This workshop sought to comparatively address historical commissions in order to identify “lessons learned” that can inform future commissions. Drawing on examples from Central and Eastern Europe and North East Asia, the workshop examined various dimensions of historical commissions, including their mandates, resources, processes, and impact. It also examined key political questions, focusing on the relationship between historical commissions and national, ethnic, religious, political, and other identity groups. For example, how do relationships among identity groups influence the formation, operation, and impact of commissions? How do historical commissions influence these relationships?

March 12-13, 2010
International Affairs Building, Room 1512
420 West 118th St. at Amsterdam Ave

Hosted by the Columbia University Seminar on History, Redress, and Reconciliation, the Center for the Study of Human Rights, and the East Central European Center, Columbia University

Conference Video

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Welcoming Remarks & Ukrainian and Polish Historical Commissions Present and Absent Victims: The Baltic States and Romania Germany: After Guilt North East Asia: Varieties of Denial and Recognition Lessons Learned: Perspectives on the Proposed Armenia-Turkey Commission & Concluding Remarks

Summary Agenda

View the detailed agenda or download the program for more information.

Friday, March 12, 2010

Welcoming Remarks
10:00 – 10:30

Elazar Barkan

Ukrainian and Polish Historical Commissions
10:30 – 12:30

Chaired by John Micgiel
Polish-Ukrainian Reconciliation: Traditional Views and the Roots of Reconciliation from World War II to the Late 1980s, Frank E. Sysyn
The Longest Reconciliation: Polish and Ukrainian Memories on Polish-Ukrainian Military Conflicts in the 20th Century, Yaroslav Hrytsak
Institute of National Remembrance: Polish Model of Dealing with the Totalitarian Past, Krzysztof Persak

Present and Absent Victims: The Baltic States and Romania
1:45 – 3:45

Chaired by Paige Arthur
The Baltic States and Russia: Bilateral Lessons from Unilateral Commissions, Vello Pettai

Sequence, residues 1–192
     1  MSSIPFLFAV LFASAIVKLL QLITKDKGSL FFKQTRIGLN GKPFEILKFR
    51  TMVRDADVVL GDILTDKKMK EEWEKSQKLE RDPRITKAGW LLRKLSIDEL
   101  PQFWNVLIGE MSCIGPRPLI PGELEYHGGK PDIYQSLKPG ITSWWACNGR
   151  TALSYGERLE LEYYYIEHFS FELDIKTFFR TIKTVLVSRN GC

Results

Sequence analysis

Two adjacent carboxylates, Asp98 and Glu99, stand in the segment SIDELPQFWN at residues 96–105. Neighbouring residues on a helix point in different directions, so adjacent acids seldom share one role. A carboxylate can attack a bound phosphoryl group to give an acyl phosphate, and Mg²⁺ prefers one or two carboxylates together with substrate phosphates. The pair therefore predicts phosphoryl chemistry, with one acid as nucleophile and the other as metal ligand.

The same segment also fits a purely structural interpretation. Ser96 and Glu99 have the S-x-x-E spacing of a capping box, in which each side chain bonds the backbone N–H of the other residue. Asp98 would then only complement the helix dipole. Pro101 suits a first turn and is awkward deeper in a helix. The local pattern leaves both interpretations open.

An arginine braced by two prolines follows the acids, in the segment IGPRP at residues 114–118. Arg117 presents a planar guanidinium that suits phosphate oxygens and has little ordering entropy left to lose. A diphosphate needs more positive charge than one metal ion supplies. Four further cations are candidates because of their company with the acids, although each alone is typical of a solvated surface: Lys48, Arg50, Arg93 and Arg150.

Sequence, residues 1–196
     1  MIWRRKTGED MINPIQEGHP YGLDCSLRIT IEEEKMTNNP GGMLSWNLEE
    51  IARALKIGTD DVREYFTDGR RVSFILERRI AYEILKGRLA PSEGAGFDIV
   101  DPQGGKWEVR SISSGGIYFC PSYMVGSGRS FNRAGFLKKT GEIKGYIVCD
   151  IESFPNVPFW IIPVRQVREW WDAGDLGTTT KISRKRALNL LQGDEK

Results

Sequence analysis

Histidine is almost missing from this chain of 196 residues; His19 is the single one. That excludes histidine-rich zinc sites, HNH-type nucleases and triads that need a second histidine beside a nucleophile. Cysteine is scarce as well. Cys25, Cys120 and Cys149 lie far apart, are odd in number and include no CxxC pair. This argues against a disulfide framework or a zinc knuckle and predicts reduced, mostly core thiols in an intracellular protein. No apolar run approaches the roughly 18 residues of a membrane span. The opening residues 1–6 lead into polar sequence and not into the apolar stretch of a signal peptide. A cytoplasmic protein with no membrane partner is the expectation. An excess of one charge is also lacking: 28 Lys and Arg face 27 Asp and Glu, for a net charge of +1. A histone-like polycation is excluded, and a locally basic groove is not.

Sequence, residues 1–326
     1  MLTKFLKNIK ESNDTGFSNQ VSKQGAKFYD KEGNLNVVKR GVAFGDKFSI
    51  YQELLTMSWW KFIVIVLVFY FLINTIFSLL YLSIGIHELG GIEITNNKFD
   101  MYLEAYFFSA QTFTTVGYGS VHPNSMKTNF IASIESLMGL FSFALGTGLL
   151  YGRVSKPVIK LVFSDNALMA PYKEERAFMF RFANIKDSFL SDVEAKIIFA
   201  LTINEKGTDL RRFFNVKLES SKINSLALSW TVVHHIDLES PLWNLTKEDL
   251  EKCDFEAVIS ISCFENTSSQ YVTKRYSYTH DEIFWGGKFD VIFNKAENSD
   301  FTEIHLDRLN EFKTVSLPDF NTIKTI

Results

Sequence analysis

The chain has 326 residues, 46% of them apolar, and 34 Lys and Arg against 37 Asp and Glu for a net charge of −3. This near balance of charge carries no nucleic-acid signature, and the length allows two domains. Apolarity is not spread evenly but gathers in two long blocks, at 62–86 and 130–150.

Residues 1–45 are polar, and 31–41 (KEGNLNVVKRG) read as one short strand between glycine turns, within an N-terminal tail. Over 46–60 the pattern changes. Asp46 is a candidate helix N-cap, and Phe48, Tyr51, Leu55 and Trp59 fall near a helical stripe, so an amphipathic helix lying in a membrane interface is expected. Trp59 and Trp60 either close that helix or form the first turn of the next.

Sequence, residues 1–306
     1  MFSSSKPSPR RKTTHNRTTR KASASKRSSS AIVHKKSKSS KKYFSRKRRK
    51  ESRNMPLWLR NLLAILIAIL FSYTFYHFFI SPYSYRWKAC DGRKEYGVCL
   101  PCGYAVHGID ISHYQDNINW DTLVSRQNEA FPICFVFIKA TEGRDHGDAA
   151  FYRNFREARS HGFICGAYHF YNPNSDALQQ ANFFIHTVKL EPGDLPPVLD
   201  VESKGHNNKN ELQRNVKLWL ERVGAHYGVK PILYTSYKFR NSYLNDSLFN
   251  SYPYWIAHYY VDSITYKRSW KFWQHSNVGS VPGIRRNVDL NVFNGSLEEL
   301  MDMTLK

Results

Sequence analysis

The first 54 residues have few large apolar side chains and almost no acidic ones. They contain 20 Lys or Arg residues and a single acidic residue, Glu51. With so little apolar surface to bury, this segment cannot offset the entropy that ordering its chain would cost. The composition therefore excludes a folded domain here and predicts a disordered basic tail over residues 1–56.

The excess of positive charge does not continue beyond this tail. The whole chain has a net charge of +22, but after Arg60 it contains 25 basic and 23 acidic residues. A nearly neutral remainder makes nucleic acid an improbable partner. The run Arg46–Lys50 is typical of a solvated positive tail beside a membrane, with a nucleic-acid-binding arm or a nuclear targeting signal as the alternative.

Aufarbeitung of the Holocaust in the Baltic States: Comparing Baltic History Commissions’ Impact on Jewish-Baltic Reconciliation, Eva-Clarita Pettai
The Wiesel and Tismaneanu Commission: Lessons for Turkish-Armenian Historical Commissions, Lavinia Stan

Germany: After Guilt
4:00 – 6:00

Chaired by Daniel Levy
Germans, Poles, and the Controversy about the “Museum Against ‘Vertreibung’”, Norman M. Naimark
Money, Memory, and Bureaucracy: The Foundation “Remembrance, Responsibility, and Future”, Constantin Goschler
Crimes of the Wehrmacht and the Galician Mystery: Commissions and Obfuscations, Omer Bartov

Saturday, March 13, 2010

North East Asia: Varieties of Denial and Recognition
9:15 – 11:15

Truth and Reconciliation within Korea: “Collaboration” and Colonialism, Charles Armstrong
A History That Opens to the Future: The First Common China-Japan-Korean History Teaching Guide, Soon-Won Park
Remembrance, Reconciliation and Reconstruction – China-Japan Joint History Research Project: Problems and Prospect, Q. Edward Wang
Why Commissions Fail: China and Japan, 2010, Carol Gluck

Lessons Learned: Perspectives on the Proposed Armenia-Turkey Commission
11:30 – 1:15

Chaired by Elazar Barkan
Armenian-Turkish Protocol and Dispute on an Historians Commission, Taner Akçam
Lessons from the Turkish-Armenian Reconciliation Commission and Their Applicability to the Protocols on Normalization and Recognition, David L. Phillips

Concluding Remarks
1:15 – 1:30

 

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Historical Commissions: Comparative Perspectives

 
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